Feb 012014
 

sheppartonAustralia’s state government of Victoria has pledged $25 million in subsidy to Coca-Cola/Amatil to keep the SPC/Ardona produce cannery open in Shepparton. The federal government refused to match the funds to meet Coca-Cola’s demands. But even if the factory stay open for another period, with the farmers dependent on short-term contracts from the factory, their farms are insecure and their future precarious. Without domestic production, Australians become dependent on imported produce and global market prices.

Here are 25 ways the state government could spend that money which would contribute to the long-term security of farmers, farmland, domestic food supply, and distributed infrastructure.

  1. Provide education, training, and financial resources to help farmers convert to sustainable agriculture so they can offer a superior product to Australian consumers while protecting the ecosystem and reducing greenhouse gasses caused by petrochemical production and fossil-fuel based agriculture.
  2. Fund regional ecological agriculture extension agents, facilities, collaborations between universities and farmers.
  3. Help farmers diversify their production, which protects soil, insulates from pests, and decreases farmers’ dependency on single buyers.
  4. Help farmers set up regional Community Supported Agriculture programs to enable consumers to have direct relationships with farms.
  5. Educate consumers about the superior healthfulness and flavor of fresh, ripe foods over processed and stored foods.
  6. Run an “eat Australian” campaign.
  7. Require state institutions (schools, hospitals, prisons, elder care facilities…) to serve fresh Australian produce, purchased direct from Australian farmers.
  8. Offer training program for public and private sector procurement officers in contracting systems that will work for small and mid-scale farmers.
  9. Pay chefs to train cooks at institutions on how to make the most of fresh unprocessed foods.
  10. Dedicate transport infrastructure to assisting farmers in direct marketing to population centers.
  11. Fund non-profit brokers to create direct relationships between farmers and restaurants.
  12. Create a certification scheme available to all restaurants whereby they can acquire a symbol indicating they serve only Australian produce, processed fresh on premises.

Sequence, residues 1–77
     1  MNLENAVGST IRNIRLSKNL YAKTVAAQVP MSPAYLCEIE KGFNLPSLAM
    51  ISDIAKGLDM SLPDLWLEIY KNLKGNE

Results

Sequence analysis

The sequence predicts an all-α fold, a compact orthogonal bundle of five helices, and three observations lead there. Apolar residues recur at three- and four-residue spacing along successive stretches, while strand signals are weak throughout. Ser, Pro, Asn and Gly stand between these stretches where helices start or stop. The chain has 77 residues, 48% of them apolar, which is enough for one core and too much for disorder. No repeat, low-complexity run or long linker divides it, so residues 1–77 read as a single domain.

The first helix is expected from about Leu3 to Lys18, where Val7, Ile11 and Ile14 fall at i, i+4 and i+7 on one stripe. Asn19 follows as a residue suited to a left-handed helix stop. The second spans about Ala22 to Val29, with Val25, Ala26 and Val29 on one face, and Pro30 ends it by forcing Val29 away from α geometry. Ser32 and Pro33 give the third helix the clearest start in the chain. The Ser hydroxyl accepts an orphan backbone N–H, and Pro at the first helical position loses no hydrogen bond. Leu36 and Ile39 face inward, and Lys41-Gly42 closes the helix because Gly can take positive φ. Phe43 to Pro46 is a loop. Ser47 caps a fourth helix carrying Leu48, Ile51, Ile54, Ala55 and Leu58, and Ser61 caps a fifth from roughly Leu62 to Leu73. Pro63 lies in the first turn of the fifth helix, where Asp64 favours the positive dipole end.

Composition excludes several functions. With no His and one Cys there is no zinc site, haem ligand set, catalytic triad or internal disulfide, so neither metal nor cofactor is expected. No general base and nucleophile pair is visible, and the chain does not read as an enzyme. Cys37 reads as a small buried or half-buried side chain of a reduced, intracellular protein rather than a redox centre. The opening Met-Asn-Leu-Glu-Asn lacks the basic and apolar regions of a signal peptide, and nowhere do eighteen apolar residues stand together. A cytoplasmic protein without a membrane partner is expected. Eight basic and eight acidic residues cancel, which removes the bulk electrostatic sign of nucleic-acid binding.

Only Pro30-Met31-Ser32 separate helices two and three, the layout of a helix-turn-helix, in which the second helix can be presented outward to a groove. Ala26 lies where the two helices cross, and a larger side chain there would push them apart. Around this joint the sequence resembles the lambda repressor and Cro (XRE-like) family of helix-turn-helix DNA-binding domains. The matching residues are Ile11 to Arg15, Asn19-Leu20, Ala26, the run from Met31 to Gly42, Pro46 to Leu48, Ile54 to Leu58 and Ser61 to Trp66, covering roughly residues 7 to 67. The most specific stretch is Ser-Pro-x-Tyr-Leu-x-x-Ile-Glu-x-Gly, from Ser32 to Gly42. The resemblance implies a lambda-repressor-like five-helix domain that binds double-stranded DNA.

13. Create a certification scheme for all food retailers whereby they can acquire a symbol indicating that 75% or more of their produce is Australian-grown.
  14. Work with Centerlink to provide vegetable boxes, cooking classes, babyfood-making classes to low-income families to improve nutrition.
  15. Build incubators for new food entrepreneurs, providing access to certified kitchens for value-added processing of artisan foods, plus marketing and distribution assistance.
  16. Create regional demonstration farms for agroecology and sustainable living to interest young people in farming.
  17. Help large farms scale down to higher-value intensive cropping, provide funding to new farmers to help with setup costs.
  18. Analyze the Australian food system and fund development of crops currently imported.
  19. Create regional food policy councils to analyze the foodshed, promote regional foods, and ensure that what can be grown locally is eaten locally.
  20. Create urban composting programs to return nutrients to regional farms.
  21. Create a national internship program to fund young ecowarriors to assist farmers in transition. They can especially help with new marketing tasks involved in direct marketing (driving to farmers markets, manning farmers market stands, contacting restaurants to arrange direct contracts, doing community outreach regarding new sources of fresh food, cooking classes, etc.)
  22. Facilitate the development of regional farmer-owned cooperatives for small-scale produce processing and marketing.
  23. Create a genre of regional food festivals aimed at lower and middle-income consumers, Good Food for All, Taste for the Rest of Us…
  24. Send celebrity chefs on a national tour to promote local foods by setting up pop-up restaurants and teaching cooking classes for chefs and consumers to generate loyalty to quality Australian produce.
  25. Create an Asian food task force to educate farmers about Asian produce and to create networks between Australian Asian restaurants and food retailers and Australian farmers.